Arts and Culture

SpokenWeb lab’s Poetry in Memory project harnesses creativity and recollection

Dr. Jason Camlot’s team captures the essence of verse recitals, weaving creativity and nostalgia into every recording.

The brain works in mysterious ways. It will sometimes get rid of crucial information, such as important notions for a test, but will vividly retain details about an ordinary day that took place a decade ago. Poems, lullabies and nursery rhymes seem to be a part of this second category—the brain likes to store them somewhere safe, and though you may not give these verses a thought for a long time, they will still be there, intact, in case you ever summon them. This phenomenon is what the team from the SpokenWeb lab dissects in its Poetry in Memory project. 

The team set up a pop-up booth in the CJ building atrium on March 25 to gain some visibility and publicize their project, as well as to collect data. The project consists in interacting with people in various locations and getting them to recite a poem, a nursery rhyme or any other type of verses purely out of memory. The SpokenWeb team records these people’s songs or poems on authentic tape recorders from the mid-20th century, or “vintage reel-to-reel devices,”  and then digitizes the product to preserve it. The team also makes sure to record the story behind how the participants learned the poems they recite.  Since the team moves around a lot and meets people from various backgrounds, the recordings include recitals in many different languages.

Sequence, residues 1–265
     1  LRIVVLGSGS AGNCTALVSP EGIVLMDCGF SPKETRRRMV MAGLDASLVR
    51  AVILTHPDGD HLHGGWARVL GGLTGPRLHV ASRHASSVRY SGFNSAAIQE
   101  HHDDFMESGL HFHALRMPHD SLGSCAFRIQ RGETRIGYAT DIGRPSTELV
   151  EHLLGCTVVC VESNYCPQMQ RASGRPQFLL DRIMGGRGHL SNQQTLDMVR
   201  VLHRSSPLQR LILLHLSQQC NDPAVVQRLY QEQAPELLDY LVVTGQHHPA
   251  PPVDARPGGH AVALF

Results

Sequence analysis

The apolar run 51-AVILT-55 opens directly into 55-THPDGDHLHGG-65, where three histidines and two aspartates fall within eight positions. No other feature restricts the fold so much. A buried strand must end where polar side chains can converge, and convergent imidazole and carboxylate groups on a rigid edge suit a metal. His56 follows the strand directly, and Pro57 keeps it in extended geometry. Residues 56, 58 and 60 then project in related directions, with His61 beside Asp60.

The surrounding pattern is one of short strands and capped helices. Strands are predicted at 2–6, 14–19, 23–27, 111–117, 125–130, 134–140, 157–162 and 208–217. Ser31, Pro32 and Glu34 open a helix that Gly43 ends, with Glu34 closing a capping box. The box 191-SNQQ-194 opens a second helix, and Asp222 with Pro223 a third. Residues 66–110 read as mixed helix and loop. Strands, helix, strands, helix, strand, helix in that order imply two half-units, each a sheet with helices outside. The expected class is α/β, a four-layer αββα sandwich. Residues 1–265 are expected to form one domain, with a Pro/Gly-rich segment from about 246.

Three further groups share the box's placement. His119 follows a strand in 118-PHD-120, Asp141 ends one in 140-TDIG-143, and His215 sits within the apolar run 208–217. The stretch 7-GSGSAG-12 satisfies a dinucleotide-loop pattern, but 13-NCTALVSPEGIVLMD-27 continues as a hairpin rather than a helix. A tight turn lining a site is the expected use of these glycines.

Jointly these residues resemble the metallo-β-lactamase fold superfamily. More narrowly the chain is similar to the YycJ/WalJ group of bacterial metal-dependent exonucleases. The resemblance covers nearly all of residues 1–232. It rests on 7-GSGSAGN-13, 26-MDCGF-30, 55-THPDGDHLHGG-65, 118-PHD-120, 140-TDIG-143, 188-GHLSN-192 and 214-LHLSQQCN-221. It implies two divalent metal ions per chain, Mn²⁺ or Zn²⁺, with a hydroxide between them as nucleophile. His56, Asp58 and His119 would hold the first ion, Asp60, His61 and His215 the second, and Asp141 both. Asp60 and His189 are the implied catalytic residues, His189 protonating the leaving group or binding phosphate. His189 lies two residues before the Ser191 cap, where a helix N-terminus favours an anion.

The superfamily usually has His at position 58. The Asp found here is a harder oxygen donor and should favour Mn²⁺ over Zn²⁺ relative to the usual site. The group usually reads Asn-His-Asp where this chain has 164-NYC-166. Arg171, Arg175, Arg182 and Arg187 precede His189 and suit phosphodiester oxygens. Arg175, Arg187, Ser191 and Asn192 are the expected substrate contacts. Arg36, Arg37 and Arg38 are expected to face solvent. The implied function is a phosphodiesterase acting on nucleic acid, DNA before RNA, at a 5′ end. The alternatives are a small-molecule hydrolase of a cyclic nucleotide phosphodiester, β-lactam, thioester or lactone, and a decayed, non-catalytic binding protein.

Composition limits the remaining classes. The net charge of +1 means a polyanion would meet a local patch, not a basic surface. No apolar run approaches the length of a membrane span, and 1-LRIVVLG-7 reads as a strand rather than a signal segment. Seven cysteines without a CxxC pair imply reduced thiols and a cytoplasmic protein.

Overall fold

Dr. Jason Camlot is the Principal Investigator  and director of the Concordia University SpokenWeb team and is also the mind behind the Poetry in Memory project. He works closely with Isabelle Devi Poirier, undergraduate student, and Ariella Ruby, MA student, who were both present at the pop-up booth on March 25. 

This project has been in the making since before the pandemic, and so far, Camlot’s team has amassed about 24 hours worth of recordings.

The SpokenWeb lab rallies scholar teams from all over North America who specialize in “the preservation of sonic artifacts,” meaning that they study and create projects based on recordings that have historical value. Camlot and his team set up booths in different locations and engage with people who are interested in their installation. They are hard to miss, owing to the authentic Sony tape recorder from 1959 that sits on their table.